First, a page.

Meat hygiene regulations intended to enable a fairer charging system for small abattoirs to be implemented have been greatly improved following lobbying from organisations including the NFU. The NFU had expressed fears that the proposals for efficiency control measures within the regulations would fly in the face of the good intentions of the Meat Inspection Charges Task Force that proposed them.

NFU Livestock Committee Vice Chairman Ian Frood said he was pleased that the re-drafted regulations largely mirrored the suggestions made by the NFU in its response to the Food Standards Agency consultation.

Dr Frood said: “Our major concerns were that the proposals enabling the new charging system would burden abattoirs with added bureaucracy and costs – precisely what the taskforce wanted to avoid. It is therefore extremely welcome that the Government has listened to our concerns.”

Some of the improvements are:

  • The removal of the provision to charge for lack of uniformity in the size of animals sent to the abattoir.

  • The removal of the provision to charge as a result of special travelling times.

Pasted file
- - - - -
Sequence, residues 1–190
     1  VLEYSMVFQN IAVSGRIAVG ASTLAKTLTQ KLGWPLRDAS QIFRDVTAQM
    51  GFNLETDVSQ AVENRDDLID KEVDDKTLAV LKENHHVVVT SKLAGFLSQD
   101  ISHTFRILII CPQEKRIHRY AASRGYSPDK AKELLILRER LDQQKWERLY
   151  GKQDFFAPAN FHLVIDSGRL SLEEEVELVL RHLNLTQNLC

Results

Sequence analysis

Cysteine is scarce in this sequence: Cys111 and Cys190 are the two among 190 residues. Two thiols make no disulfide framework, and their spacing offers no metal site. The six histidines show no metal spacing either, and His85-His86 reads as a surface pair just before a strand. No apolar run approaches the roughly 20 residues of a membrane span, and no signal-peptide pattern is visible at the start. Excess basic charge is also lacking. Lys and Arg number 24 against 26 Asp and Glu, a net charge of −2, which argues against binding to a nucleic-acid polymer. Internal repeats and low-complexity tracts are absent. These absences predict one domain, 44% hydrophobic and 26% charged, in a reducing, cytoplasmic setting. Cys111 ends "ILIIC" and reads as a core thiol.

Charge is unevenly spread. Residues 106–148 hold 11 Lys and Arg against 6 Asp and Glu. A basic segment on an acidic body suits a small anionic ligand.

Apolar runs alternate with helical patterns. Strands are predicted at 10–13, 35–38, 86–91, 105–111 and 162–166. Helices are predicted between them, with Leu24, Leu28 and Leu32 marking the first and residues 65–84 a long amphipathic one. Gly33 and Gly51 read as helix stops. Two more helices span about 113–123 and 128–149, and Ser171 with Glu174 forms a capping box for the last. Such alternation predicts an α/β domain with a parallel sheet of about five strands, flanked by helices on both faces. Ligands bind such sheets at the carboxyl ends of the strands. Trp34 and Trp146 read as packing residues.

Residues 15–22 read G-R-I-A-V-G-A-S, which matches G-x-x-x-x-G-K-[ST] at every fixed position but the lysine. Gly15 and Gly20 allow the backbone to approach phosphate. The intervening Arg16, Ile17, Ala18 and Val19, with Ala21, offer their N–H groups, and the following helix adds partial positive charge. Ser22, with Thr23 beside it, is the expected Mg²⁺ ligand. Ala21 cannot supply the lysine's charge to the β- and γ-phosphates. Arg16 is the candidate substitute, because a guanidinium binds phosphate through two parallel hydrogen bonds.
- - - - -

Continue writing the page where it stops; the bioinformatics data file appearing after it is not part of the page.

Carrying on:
• The inclusion of the provision for disputes between the Meat Hygiene Service and slaughterhouses to be aired by an appeals service.

The draft statutory instrument has now been laid before Parliament in order for the changes to come into force from 2 April.

The Meat Inspection Charges Task Force resulted from a review of red tape in the farming industry in 1999, instigated by the NFU.

Dr Frood added: “From the outset, our aim has been to bring an end to the current punitive charging system for smaller and medium sized abattoirs.

“The re-drafted statutory instrument now enables such a charging system to be put in place.”